Wednesday, October 19, 2011

Scientific Uses for Twitter: Estimating Flu Outbreaks Using Tweets

Three researchers from Iowa released a study post H1N1 2010 that demonstrated how they were able to statistically estimate the regional pathway of Flu and H1N1 outbreaks using Twitter data. Similarly to Google's Flu Tracker which uses Search data to identify regions of Flu, the researchers used keywords found in Tweets to estimate where H1N1 would show up. They chose Twitter results because 1)  they felt that the Tweets provided more context and sentiment (such as "went to my doctor today with possible Flu symptoms"), than search data and 2) because the Tweets would provide an opportunity to proactively estimate where the Flu would hit next when overlaid with geo-tracking. Using machine-learning methods, they created mapping models that used keywords like "flu, h1n1, vaccine, shot, shortage" to follow disease outbreaks and then compared this information to CDC findings. They were then able to estimate on a regional level where the disease would appear (often 1-2 weeks ahead of CDC projections) using a similar methodology. This study was published in May 2011 and is available online. The chart below shows how their findings using Tweeter ultimately matched the CDC's reported cases.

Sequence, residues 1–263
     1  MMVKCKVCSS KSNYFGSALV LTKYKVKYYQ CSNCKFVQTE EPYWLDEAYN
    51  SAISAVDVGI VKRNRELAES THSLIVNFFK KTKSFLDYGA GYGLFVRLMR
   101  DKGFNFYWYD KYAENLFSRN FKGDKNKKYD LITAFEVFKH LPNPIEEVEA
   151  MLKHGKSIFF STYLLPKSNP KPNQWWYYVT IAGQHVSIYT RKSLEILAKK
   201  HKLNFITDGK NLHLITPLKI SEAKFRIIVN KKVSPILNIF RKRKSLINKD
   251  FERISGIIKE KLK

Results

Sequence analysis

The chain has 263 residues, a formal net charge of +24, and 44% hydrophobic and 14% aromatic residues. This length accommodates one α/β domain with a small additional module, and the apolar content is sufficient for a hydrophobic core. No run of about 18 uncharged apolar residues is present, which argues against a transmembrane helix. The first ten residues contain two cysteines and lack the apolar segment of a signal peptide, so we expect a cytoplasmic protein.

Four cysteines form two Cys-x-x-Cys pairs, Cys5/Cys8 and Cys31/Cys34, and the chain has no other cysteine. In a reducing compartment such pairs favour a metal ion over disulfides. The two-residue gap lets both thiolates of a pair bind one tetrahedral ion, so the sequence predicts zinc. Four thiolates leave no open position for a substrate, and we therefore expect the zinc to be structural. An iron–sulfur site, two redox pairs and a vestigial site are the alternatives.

* Chart From : Alessio Signorini, Alberto Maria Segre, Philip M. Polgreen. The Use of Twitter to Track Levels of Disease Activity and, Public Concern in the U.S. during the Influenza A H1N1, Pandemic (Via

As we move into Flu season it will be interesting to see how Twitter activity trends. Will it provide the same insights as 2010 and will researchers be able to use it year over year? The H1N1 scare clearly created a high standard for Twitter volume; it also occurred at a time when Twitter was growing steadily (Twitter estimated a 100 million new accounts in 2010) and people were jumping on the bandwagon. A year later, according to comScore, Twitter's growth hasn't slowed, so it's possible that we will see another year of Twitter disease tracking. According to these three researchers, there are other groups around the world that are currently working on similar statistical analyses and projections for the 2011-2012 season.

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